Core Complex Theory: The Demon

The Demon is a psychic ordering principle that serves as one of the two dominant organizational principles in the psyche (the other is the Self system).  Whereas the Self system is primarily inherent, complex, dynamic, adaptive, and distinctly "biological" (at least qualitatively), the Demonic system of order is an environmental or cultural introject that operates on reliable and consistent laws, moves toward stasis, resists true adaptation (although its resistance can be very protean), and behaves more like an "intelligence" than an organism.

The Demon seems to acquire or borrow personality traits or structures from the individual's psyche . . . especially in reaction to the shadow, which is the Demon's gateway into the psyche.  If we think of the personal shadow as the pieces of identity where we feel most vulnerable, confused, needy, and impotent, then the Demon introject is a strategic defense against falling into identification with the shadow.  Much of the personal shadow is defined by the cultures and immediate social environments we grew up and continue to live in.  At least initially, it is the parents, the tribe, the world that both criticize/ostracize the personal shadow and teach us how to conceal and overmaster it.  We might call this "maturation" or learning discipline or civilizing, but it is equally an indoctrination and conformation.  Often enough, these civilizing/indoctrinating scripts or rules of thumb enable us to be more socially successful (as the particular social environment we live in defines such success).  But much of what is discouraged by society is also destructive and limiting to the natural personality.  The innate factors of personality (the Self) are not much benefited by social conformations, especially when these conformations do not facilitate the innate potentials and predispositions of the individual.

Society as we know it is not an individual-facilitating system, but a normalizing system.  Nor does modern society function as a whole (i.e., a singular tribe) based on universal ideologies . . . rather, it is complex and emergent.  The facilitation of the individual is driven primarily by the Self system which urges and organizes adaptivity, survival instincts, and homeostasis.  But the introjected normalization of social conditioning also works to construct a personality or identity that is "fit" by the terms of that society.  But because this norm of fitness represents a kind of ego- or superego-ideal, it is functional for the individual in direct contrast to the facilitation of his or her innate predispositions and potentials.

In many instances, especially where the childhood environment of the individual is "good enough" (and therefore facilitates the individual's innate potentials to a relatively high degree), the Self system has significant influence on the individual's fitness and may not be embroiled in much conflict with social normalization.  If one is the child of two doctors who both lovingly encourage the child to learn and achieve, and that child grows up to become a doctor, she or he has succeeded in achieving an ego ideal that society venerates.  If that individual feels fulfilled by the life and identity s/he has developed, the normalizing aspects of society are both appeased and kept at bay.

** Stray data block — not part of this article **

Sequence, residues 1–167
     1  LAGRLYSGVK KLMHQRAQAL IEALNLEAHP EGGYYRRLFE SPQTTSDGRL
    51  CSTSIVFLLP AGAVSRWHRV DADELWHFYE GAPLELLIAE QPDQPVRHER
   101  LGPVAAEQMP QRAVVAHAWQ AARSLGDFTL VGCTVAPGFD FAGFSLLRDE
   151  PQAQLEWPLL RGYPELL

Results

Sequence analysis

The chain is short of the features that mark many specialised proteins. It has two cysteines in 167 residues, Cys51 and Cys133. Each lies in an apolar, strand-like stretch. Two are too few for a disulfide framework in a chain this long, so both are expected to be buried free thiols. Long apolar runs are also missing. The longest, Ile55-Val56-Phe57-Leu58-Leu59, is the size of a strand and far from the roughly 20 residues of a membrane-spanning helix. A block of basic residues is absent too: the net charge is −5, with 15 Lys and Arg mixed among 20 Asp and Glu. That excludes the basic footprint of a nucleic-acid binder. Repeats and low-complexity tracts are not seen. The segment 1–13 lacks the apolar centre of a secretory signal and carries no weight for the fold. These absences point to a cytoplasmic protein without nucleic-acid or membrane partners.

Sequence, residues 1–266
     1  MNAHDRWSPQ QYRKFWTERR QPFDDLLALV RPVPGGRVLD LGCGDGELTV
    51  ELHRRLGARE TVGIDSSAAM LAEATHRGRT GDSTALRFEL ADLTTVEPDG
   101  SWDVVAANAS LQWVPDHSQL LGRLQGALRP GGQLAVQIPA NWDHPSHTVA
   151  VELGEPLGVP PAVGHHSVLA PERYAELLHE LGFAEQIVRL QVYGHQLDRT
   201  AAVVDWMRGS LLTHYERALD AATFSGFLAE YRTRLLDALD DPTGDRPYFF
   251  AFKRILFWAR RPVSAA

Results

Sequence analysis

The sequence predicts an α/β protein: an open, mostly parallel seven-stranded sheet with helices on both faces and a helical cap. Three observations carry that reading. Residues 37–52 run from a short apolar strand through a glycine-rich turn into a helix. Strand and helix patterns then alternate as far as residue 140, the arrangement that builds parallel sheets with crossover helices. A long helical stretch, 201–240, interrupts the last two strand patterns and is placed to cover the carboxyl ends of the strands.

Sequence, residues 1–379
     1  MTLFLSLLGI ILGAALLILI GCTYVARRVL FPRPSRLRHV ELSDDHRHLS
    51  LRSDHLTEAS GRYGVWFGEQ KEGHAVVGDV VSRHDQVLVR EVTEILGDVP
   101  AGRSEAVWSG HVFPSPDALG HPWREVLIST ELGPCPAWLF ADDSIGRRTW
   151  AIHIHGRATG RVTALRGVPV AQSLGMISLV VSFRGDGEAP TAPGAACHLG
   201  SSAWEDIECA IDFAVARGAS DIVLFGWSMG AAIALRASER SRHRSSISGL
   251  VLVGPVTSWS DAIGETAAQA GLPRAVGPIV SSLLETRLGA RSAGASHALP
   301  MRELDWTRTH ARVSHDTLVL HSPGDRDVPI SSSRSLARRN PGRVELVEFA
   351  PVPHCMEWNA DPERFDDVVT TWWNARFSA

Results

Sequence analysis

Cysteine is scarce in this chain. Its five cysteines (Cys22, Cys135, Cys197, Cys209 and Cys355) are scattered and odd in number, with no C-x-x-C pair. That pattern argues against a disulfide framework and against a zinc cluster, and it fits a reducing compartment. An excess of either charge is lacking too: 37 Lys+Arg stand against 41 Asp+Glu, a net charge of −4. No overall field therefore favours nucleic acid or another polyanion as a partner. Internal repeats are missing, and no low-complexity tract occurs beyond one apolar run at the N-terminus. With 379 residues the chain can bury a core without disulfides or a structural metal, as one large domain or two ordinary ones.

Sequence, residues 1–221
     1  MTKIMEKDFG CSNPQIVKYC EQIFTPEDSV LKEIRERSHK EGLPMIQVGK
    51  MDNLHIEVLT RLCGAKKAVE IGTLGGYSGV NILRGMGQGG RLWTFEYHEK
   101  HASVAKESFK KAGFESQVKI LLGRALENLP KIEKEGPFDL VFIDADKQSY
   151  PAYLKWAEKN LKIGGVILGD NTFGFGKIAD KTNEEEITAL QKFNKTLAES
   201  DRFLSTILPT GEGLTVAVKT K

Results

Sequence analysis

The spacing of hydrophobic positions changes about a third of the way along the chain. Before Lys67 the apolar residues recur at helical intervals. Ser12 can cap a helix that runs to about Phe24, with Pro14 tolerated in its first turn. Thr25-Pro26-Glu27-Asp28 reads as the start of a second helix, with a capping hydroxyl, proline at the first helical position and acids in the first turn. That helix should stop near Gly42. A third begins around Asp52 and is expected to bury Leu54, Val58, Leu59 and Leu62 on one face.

But if this individual ended up pursuing the medical profession and identity "artificially" and only in order to appease his or her parents and social normalization, then a serious existential conflict between the Self system and the Demonic system is brewing, probably causing a great deal of anxiety and depression for the individual.  Of course, not everyone is capable of becoming a doctor or other high-status person.  There are limitations placed on the number of high status people in any society.  Sometimes these are economic limitations, political limitations, limitations of prevailing cultural prejudices, other times they are biological limitations (for instance, inadequate innate intelligence), other times still, the limitations could be a matter of a parenting or peer environment that is not "good enough".

But social status is disproportionately invested in certain roles and ego ideals, and the vast majority of people cannot fit comfortably and satisfyingly into these ideals . . . nor would society function very well if everyone could.

The Demon is experienced as the introjected personality that drives one to become some form of ego ideal, some kind of high status norm.  If the normalizing voice of society (a kind of impersonal and lowest common denominator opinion of how one "should" be) could be reduced to a single personality construction and implanted into the psyche and subconscious of an individual, that would be the Demon.  We are all exposed to this hijacking informational virus, and it infiltrates us at a very early age.  It is an inevitable factor of socialization and human relationality.  This isn't to say that all socialization is "bad".  Some socialization facilitates the Self system.  And trying to find a hard line between socialization that facilitates the Self and socialization that normalizes personality in opposition to the Self is impossible.  There are many gray areas, and as a result of this grayness, the internal representations of the Demon and the Self are frequently conflated and blended together in certain attitudes and ideas.